NME reports that Van Kriedt then appeared to leave the stage before the pair began to brawl and were separated by security.

The ANZ tour, which began in Auckland, New Zealand on 9 November, was promoted by Melbourne-based Principal Entertainment. It was due to wrap up this week with dates at Theatre Royal, Castlemaine and Northcote Theatre in Victoria, and Uni Bar Wollongong University in Gwynnville, NSW.

The band is yet to offer any comment on the cancellations, while the Castlemaine venue says the scheduled 22 November gig was axed “on medical grounds”.

 


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The Weeknd postpones Australia & New Zealand run

The Weeknd has postponed his Australia & New Zealand stadium tour two weeks before it was due to start, citing “unforeseen circumstances”.

The Canadian singer, real name Abel Tesfaye, was set to perform 11 dates in the region from 20 November to 9 December this year, spread across Brisbane’s Suncorp Stadium, Sydney’s Accor Stadium, Melbourne’s Marvel Stadium and Eden Park in Auckland.

“Due to unforeseen circumstances, we must reschedule the Australia/New Zealand tour,” says a statement from The Weeknd. “New dates will be announced next year and current tickets will be valid for the new shows. Refunds will be available for those unable to attend the new dates. Deeply disappointed but can’t wait to be there with you!”

A message from Live Nation Australia & New Zealand reads: “We understand fans will be disappointed, and Live Nation is focused on working with The Weeknd to secure a new tour schedule. We will make a further announcement as soon as possible.”

The After Hours til Dawn Tour launched in the US in July last year and has been attended by more than three million people so far.

“Everybody was hoping the situation would resolve and the shows would still go ahead – there have been over 600,000 tickets sold”

A tour insider tells Yahoo Lifestyle: “Some venues heard rumours earlier this week the announcement may be coming, but everybody was hoping the situation would resolve and the shows would still go ahead – there have been over 600,000 tickets sold.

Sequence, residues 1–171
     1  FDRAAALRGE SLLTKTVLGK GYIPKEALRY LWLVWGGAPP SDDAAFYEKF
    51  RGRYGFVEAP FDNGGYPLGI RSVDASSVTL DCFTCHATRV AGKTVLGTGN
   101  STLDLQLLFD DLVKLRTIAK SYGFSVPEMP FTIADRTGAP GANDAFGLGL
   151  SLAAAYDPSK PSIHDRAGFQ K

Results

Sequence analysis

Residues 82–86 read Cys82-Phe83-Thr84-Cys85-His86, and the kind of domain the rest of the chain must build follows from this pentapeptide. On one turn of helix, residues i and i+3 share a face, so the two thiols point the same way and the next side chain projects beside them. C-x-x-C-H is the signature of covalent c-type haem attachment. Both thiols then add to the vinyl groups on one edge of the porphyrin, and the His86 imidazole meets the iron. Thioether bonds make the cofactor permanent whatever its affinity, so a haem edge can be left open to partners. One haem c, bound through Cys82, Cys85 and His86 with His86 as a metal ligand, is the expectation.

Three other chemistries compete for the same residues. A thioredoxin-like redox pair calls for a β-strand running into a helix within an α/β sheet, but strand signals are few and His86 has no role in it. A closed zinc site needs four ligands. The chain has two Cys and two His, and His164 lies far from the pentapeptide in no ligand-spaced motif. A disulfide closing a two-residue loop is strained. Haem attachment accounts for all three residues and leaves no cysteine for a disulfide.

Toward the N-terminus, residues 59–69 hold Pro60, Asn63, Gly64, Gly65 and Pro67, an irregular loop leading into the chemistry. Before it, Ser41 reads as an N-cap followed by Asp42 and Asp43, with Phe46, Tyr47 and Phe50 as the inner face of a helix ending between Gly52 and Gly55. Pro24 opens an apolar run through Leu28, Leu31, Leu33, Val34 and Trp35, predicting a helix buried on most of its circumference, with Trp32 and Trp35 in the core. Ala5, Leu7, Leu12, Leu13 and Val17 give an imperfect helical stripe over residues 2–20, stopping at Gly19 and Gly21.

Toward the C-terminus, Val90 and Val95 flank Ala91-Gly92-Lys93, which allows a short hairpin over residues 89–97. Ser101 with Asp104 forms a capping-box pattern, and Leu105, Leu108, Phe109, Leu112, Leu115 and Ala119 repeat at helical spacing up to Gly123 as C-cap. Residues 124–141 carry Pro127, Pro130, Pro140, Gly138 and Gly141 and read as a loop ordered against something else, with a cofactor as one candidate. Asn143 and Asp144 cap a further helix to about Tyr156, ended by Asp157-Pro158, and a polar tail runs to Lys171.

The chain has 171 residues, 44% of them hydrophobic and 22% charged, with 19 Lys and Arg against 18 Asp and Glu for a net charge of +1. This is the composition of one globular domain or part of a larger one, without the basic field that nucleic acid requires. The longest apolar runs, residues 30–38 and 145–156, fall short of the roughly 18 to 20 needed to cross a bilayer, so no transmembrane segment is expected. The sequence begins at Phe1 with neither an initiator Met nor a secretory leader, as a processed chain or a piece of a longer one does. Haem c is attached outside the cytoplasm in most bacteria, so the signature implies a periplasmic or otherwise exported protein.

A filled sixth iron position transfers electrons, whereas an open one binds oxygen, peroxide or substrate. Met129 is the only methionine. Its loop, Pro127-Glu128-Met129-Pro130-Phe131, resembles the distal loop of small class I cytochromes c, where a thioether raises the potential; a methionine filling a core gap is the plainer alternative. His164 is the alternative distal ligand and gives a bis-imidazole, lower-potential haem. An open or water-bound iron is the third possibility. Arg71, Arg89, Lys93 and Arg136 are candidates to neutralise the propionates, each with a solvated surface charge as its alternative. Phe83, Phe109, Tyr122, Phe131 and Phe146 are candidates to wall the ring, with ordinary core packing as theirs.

“Postponing with this short notice is a logistical nightmare. Nobody knows what’s up, Abel and his team are keeping quiet about the reasoning.”

The Weeknd pulled in over 1.6 million fans to the tour’s European leg earlier this year and shattered Wembley Stadium’s record for sales with a traditional concert set up with the stage at one end with 87,000 tickets sold. The artist also set a new attendance record for London Stadium after drawing 160,000 fans over two nights in July.

After Hours Til Dawn‘s most recent tour stop was in Latin America in September/October.

 


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Oz scene at ‘crisis point’ after 1300 venues close

Australia’s live music’s scene has reached “crisis point” after it was revealed that more than 1,300 venues closed permanently since the start of the pandemic.

The sobering statistics were laid bare in collection society APRA AMCOS’ 2022/23 Year in Review report, which warns that emerging artists now have “markedly fewer places to perform, hone their performance skills and develop an audience and fanbase”.

Nightclubs crowds have also almost halved since 2019 – down to 1.6 million clubbers from over 2.8m pre-Covid.

“There remains considerable concern regarding the decimated venue-based live music market,” says the organisation’s CEO Dean Ormston. “We have lost more than 1,300 live music venues and stages across Australia and crowds at nightclubs have almost halved than prior to the start of the pandemic.

“We are lobbying state and territory governments to legislate for the establishment of special entertainment precincts to foster and protect new and existing live music venues. We are also calling on the Australian government to commit to a live music venue tax offset to act as a catalyst in jump-starting live music nationally.”

Speaking to the Guardian, Ormston adds: “The market has been decimated and we’re asking the government to look at this with some urgency. It really is a simple ask, it’s affordable and it will absolutely jumpstart businesses presenting live music on a national basis, and that’s what we need. We can’t wait for years and years for venues to organically come back online, we need something more immediate than that.